When you spend your entire life on the Gulf Coast, scorching summers of heat and humidity is a way of life. You expect blazing mercury readings, however, the tradeoff is a mild winter and climate that is conducive to outdoor life year round.
Unless the body is acclimated to a hot thermometer, mortals have a tough time coping with the stress that arid air heaves on the human anatomy. I learned this first-hand in my inaugural summer of minor league ball in Chicago.
The Midwest was experiencing a heat wave in 1995. Although temps were barely crawling above 90 degrees, citizens in the area were dying from excess exposure to the heat. The lead story on local Chicago television stations focused daily on the deadly summer heat. Most households and hotels did not have air conditioning.
In my eyes, the weather was pleasant, especially in July. Sure, it was warm. However, the sun did not suck fluids and evaporate perspiration like it did on Gulf Coast baseball diamonds.
"You're not burning up Tex?" My manager asked.
"This is considered a cool front where I come from," I chuckled. "You guys are a bunch of pansies."
Truth is, the heat abnormally affected the people of the area. It was not their fault. It is difficult to climatize bodies when snow remains on the ground until March. If you stay huddled inside a cool house and never raise the body's core temperature, the body changes its homeostasis. When that comfort zone's temperature is elevated, drastic measures by the body occur, working frantically to bring the functions back to a "feel good" condition. Sweating is an example.
September is shotgun start of hunting season. Those soaking up frosty air in the friendly confines of their armchair had better venture outdoors before donning camo and finding a "hot" dove or teal flyway.
More important, starting your retriever on a daily exercise regiment is important. You and I can speak and relay trouble if the body speaks. However, your loyal four-legged sidekick can only speak by the nonverbal body language his or her frame will send when the heat is too extreme. Often the message is understood too late. Yet, a few minutes of daily preparation will adjust your best friend's adaptability to the heat.
Steve Biggers , professional dog trainer and owner of Rocky Creek Retrievers, said dogs that have been "off" since last hunting season needs to start slow. Biggers specializes in training gun dogs for competition hunting tests at his state-of-the art kennels near Brenham.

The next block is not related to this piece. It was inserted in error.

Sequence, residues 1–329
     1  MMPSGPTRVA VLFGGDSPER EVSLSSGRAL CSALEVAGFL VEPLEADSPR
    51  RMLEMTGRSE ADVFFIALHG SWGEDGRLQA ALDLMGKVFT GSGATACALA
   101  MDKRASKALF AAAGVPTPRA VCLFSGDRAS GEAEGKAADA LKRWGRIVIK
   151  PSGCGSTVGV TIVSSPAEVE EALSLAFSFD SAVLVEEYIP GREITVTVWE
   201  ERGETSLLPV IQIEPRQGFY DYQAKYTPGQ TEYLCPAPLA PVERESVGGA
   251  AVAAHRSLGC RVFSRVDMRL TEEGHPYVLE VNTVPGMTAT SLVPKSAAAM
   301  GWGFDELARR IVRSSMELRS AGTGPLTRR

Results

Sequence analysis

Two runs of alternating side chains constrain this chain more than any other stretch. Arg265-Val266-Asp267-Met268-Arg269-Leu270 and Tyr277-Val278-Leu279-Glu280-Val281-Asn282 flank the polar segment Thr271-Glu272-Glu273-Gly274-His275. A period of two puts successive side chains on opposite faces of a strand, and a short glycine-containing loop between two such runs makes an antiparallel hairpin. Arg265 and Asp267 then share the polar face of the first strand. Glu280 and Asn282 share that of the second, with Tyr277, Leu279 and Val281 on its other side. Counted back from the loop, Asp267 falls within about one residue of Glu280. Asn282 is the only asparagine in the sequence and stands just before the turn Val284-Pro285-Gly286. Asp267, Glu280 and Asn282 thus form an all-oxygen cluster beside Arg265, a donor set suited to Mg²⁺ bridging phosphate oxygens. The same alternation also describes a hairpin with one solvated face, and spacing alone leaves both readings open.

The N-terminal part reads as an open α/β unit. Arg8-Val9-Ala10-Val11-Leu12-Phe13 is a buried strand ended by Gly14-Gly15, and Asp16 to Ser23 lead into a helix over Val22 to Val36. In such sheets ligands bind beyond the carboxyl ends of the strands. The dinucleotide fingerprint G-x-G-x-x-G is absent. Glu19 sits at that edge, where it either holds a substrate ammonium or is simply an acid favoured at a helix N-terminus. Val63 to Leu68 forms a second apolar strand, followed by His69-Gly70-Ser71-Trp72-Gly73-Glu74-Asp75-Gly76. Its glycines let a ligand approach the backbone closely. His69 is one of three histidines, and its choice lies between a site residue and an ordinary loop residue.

"Start with walking and try to incorporate swimming in a pond when working your dog this time of year," said Biggers. "You do not want to over work your dog in the heat and risk injury before you get into the field."
Biggers encourages dog owners to train in short increments. Rather than work your dog for one 30-minute block, train for 10-15 minutes in the morning and evening. This will keep a dog from working hard in the heat of the day.
"Young dogs' attention spans are like that of an elementary school child," said Biggers. "It is best to train them in short time frames, but with more frequency. Their retention is better and you do not lose the dog's focus when it is hot and tired."
Signs of heat stress in your retriever are a swollen tongue, excessive panting, and wobbling or staggering legs. Some overheated dogs will have a blank stare and will not respond to commands. When these signs are present, stop the exercise and cool the dog as soon as possible by finding shade or submersing the body in cool water.
"Heat stress occurs most often in young and old dogs and pets that are overweight or have heart and respiratory problems," said Dr. Randy Volkmer, DVM.
It is a good idea to carry a cooler of water to the field so your dog can rehydrate whenever necessary. Remember, if the heat is uncomfortable to you, it is also uncomfortable to your dog.
"Treat heat stress of dogs the same way you would with people," said Volkmer. "Spray them down with water or put ice packs on their head to get their temperature down."
During the dove season, when the air is hot and dry, Biggers likes to station a hunt around a tank or pond so his dogs can dive in and cool off.
An afternoon walk is a good start for your retriever, not to mention yourself. Try to find a grassy area to keep your dog off the hot asphalt or concrete. As you and your pup gradually work into better shape, increase the duration and frequency of the exercise. Start now and you should be reading when the birds begin flying.
"Sixty to seventy percent of dogs that encounter heat stroke or heat stress will die," said Volkmer. "It is important to get them to the a vet quickly."
Many dog owners neglect their retrievers by feeding them inadequate dog food. Cheap dog food is like putting sugar in a car's gas tank. Feed your dog premium dog food with a high protein content that is easily digestible. The amino acids will allow them to bounce back and rebuild broken down muscles from a laborious hunt. An athlete cannot achieve greatness on doughnuts and candy bars.
Purina Pro Plan, Iams Eukanuba and Science Diet are healthy choices for optimal performance. Cost is $25-$40 per 40-pound sack. You might think the cost is pricey; however, a quality dog food requires fewer cups per serving for your dog to get the nutrition it would crave from superstore brand dog foods.
The cleanup in the kennel is cleaner and the frequency which your dog excretes is reduced with premium food due to the ease of digestion.
"Feeding quality food reduces problems with eyes, ears and skin and gives a dog a shiny coat," said Volkmer.
Like athletes, hunting dogs need training camp to get their bodies in shape for the upcoming season. It's hot out there. Take it slow. You want your retriever ready when the action is fast.
Capt. Bink Grimes is a freelance writer, photographer, author, and licensed captain (binkgrimes@sbcglob al.net).